- The new Ontario’s Residential Condominium Buyer’s Guide. This is a very lengthy explanatory document for purchasers to educate them on the process of buying a new condominium, pre-construction and post-registration. This is just one more extensive document for purchasers to read in addition to disclosure packages, lengthy purchase agreements and addendums; and
- The new Warranty Information Sheet which outlines the various rights of purchasers under the Tarion Warranty Program. This came about as a direct result of the Auditor General’s recommendations to educate purchasers.
The amount of paperwork to be provided to new-home purchasers, particularly condominium purchasers, is voluminous. Whether this will result in buyers being more educated or not is questionable; simple executive summaries of all of these documents would have been useful with a better chance of purchasers actually reading the documents.
Vendors now have a further obligation to report the appropriate contact information for each purchaser to Tarion within 30 days of execution of a Purchase Agreement. Presumably another suggestion from the Auditor General’s report.
Finally, new home enrollment fees have changed such that HCRA will be imposing a regulatory oversight fee of $145 for each home ( this is in addition to increased licensing fees that were otherwise payable to Tarion). Tarion has reduced its enrollment fee by $50 to accommodate some of this increase. Builders are encouraged to review their Purchase and Sale Agreements with their lawyers to ensure that the HCRA regulatory oversight fee is captured as an additional adjustment in their lowrise and highrise Purchase and Sale Agreements, as I suspect they would not otherwise be covered under current language relating to Tarion enrollment fees. I further understand that there is no grandfathering of these fees, such that a condominium project that went to market before Feb. 1, 2021, will still have to pay the regulatory oversight fee when the units are actually enrolled, notwithstanding that the builder would not have had the opportunity to include this adjustment in their Purchase and Sale Agreement. This may result in a additional unrecoverable costs to builders for those pre-existing projects.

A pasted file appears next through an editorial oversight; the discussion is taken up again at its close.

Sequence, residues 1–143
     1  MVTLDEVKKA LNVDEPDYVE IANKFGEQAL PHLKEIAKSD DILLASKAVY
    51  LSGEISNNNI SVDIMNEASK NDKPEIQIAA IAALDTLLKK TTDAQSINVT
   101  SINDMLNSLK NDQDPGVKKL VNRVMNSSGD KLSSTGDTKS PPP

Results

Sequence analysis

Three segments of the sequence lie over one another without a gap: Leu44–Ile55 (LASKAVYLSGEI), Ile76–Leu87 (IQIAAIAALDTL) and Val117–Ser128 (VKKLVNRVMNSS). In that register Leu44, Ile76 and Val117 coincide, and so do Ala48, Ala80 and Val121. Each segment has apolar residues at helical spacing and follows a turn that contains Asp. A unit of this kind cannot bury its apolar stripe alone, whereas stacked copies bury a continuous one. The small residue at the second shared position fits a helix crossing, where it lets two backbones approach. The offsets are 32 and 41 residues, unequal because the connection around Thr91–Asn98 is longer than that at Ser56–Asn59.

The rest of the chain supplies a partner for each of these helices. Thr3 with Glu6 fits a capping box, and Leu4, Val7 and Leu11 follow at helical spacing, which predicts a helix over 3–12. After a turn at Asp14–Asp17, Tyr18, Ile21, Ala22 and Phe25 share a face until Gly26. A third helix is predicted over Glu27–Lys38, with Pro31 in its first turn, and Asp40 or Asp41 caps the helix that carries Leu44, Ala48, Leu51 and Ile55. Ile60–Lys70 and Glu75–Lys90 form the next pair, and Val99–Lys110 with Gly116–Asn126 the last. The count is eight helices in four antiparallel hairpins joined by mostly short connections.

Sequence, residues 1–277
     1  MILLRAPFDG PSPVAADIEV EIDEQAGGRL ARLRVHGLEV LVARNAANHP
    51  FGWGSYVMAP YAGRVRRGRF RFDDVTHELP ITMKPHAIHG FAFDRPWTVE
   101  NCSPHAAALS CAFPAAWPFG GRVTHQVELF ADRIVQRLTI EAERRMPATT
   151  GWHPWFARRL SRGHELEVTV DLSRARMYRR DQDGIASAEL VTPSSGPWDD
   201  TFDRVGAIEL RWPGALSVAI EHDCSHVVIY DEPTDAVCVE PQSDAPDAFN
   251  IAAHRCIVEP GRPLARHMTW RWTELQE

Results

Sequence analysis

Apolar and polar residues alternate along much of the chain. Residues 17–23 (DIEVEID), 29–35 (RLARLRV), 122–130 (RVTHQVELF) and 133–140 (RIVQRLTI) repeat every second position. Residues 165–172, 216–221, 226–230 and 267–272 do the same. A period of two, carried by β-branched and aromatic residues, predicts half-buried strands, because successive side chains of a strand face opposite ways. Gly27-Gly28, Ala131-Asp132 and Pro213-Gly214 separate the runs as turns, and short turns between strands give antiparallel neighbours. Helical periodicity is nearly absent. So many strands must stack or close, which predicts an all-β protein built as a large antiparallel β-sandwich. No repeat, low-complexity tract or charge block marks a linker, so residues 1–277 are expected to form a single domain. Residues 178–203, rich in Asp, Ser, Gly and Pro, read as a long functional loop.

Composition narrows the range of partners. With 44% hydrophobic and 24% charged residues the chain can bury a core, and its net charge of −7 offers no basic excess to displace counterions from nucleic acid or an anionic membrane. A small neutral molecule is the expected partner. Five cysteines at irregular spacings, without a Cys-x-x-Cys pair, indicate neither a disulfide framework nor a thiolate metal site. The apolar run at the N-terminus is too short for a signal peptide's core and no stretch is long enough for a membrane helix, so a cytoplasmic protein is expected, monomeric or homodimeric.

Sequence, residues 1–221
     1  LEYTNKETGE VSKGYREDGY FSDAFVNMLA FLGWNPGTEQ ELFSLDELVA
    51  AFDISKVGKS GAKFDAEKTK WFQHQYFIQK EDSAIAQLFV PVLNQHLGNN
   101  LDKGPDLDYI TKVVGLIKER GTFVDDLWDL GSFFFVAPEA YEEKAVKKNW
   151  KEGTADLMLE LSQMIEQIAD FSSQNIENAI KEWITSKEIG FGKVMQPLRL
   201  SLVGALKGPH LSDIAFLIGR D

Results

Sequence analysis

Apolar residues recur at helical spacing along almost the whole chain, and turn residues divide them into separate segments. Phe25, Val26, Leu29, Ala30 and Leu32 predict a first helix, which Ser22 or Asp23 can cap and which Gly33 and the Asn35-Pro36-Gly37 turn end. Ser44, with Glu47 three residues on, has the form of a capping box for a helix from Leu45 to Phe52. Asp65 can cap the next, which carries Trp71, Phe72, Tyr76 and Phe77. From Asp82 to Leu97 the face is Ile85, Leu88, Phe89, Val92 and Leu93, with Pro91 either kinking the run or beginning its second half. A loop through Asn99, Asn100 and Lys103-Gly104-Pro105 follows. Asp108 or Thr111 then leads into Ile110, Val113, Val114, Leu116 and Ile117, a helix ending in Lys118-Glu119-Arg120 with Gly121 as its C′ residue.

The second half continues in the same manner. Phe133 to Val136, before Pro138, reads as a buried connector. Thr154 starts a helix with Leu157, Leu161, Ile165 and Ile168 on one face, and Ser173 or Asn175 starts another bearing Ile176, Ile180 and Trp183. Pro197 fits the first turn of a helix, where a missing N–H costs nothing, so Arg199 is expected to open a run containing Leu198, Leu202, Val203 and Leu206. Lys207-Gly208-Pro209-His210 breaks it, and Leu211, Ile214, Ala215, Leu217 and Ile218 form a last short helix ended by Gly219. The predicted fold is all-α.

All of the Tarion bulletins have been revised, replaced or eliminated to accommodate these changes and should be reviewed carefully by builders. For instance, it would appear that there will be greater oversight potentially for newer builders (or any other builder for which Tarion deems appropriate) by Tarion, including more frequent inspections during construction. Another recommendation from the Auditor General.
It will be an interesting 2021 as all of these changes roll out. There may be further announcements from either of the Gotham duo as all of these work their way through real projects. Stay tuned.
|Leor Margulies is a partner at Robins Appleby LLP and an executive on the BILD Board of Directors, Toronto.|